Medical College of Wisconsin
CTSICores SearchResearch InformaticsREDCap

Platelet Gene Therapy Promotes Targeted Peripheral Tolerance by Clonal Deletion and Induction of Antigen-Specific Regulatory T Cells. Front Immunol 2018;9:1950



Pubmed ID


Pubmed Central ID




Scopus ID

2-s2.0-85053056830   10 Citations


Delivery of gene therapy as well as of biologic therapeutics is often hampered by the immune response of the subject receiving the therapy. We have reported that effective gene therapy for hemophilia utilizing platelets as a delivery vehicle engenders profound tolerance to the therapeutic product. In this study, we investigated whether this strategy can be applied to induce immune tolerance to a non-coagulant protein and explored the fundamental mechanism of immune tolerance induced by platelet-targeted gene delivery. We used ovalbumin (OVA) as a surrogate non-coagulant protein and constructed a lentiviral vector in which OVA is driven by the platelet-specific αIIb promoter. Platelet-specific OVA expression was introduced by bone marrow transduction and transplantation. Greater than 95% of OVA was stored in platelet α-granules. Control mice immunized with OVA generated OVA-specific IgG antibodies; however, mice expressing OVA in platelets did not. Furthermore, OVA expression in platelets was sufficient to prevent the rejection of skin grafts from CAG-OVA mice, demonstrating that immune tolerance developed in platelet-specific OVA-transduced recipients. To assess the mechanism(s) involved in this tolerance we used OTII mice that express CD4+ effector T cells specific for an OVA-derived peptide. After platelet-specific OVA gene transfer, these mice showed normal thymic maturation of the T cells ruling against central tolerance. In the periphery, tolerance involved elimination of OVA-specific CD4+ effector T cells by apoptosis and expansion of an OVA-specific regulatory T cell population. These experiments reveal the existence of natural peripheral tolerance processes to platelet granule contents which can be co-opted to deliver therapeutically important products.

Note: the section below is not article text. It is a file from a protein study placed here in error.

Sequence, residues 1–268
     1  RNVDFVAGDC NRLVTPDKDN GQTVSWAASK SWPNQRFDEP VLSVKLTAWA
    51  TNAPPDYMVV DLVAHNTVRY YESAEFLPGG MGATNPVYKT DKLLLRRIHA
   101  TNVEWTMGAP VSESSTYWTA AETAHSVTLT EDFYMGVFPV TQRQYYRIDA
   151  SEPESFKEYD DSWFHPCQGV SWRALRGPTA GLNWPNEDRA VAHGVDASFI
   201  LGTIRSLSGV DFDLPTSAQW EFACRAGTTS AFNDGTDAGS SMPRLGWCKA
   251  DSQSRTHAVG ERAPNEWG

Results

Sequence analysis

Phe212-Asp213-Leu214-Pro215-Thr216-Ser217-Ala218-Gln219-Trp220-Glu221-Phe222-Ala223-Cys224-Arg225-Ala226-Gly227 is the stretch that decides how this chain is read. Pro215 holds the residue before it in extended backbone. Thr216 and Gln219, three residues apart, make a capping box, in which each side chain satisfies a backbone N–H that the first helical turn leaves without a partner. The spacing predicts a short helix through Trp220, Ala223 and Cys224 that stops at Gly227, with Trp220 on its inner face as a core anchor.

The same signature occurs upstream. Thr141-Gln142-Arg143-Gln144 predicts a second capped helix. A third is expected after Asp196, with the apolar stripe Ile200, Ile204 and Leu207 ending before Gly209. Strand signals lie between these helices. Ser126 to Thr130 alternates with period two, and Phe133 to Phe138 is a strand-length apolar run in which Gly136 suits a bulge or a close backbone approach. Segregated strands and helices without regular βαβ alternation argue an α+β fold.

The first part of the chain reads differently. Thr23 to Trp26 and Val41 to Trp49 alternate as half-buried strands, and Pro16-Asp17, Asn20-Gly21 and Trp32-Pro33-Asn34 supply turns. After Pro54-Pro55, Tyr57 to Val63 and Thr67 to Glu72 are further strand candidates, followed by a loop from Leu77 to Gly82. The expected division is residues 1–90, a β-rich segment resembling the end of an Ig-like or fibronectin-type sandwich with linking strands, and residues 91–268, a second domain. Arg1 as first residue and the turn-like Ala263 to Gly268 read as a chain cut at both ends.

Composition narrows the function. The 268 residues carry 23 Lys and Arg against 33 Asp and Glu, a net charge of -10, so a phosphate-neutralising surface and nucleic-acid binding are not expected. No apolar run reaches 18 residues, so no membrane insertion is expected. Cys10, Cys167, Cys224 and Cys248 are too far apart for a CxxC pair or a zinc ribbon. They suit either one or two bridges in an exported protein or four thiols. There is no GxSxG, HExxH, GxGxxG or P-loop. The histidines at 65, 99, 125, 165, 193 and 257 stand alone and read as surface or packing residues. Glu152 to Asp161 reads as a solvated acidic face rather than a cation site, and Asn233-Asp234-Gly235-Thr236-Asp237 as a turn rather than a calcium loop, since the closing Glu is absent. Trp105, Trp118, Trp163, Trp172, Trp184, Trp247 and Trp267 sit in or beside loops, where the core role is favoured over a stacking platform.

Author List

Luo X, Chen J, Schroeder JA, Allen KP, Baumgartner CK, Malarkannan S, Hu J, Williams CB, Shi Q


Kenneth Paul Allen DVM Associate Professor in the Research Office department at Medical College of Wisconsin
Subramaniam Malarkannan PhD Professor in the Medicine department at Medical College of Wisconsin
Qizhen Shi MD, PhD Professor in the Pediatrics department at Medical College of Wisconsin
Calvin B. Williams MD, PhD Chief, Professor in the Pediatrics department at Medical College of Wisconsin

MESH terms used to index this publication - Major topics in bold

Blood Platelets
Clonal Deletion
Gene Transfer Techniques
Genetic Therapy
Mice, Transgenic
Peripheral Tolerance
T-Lymphocytes, Regulatory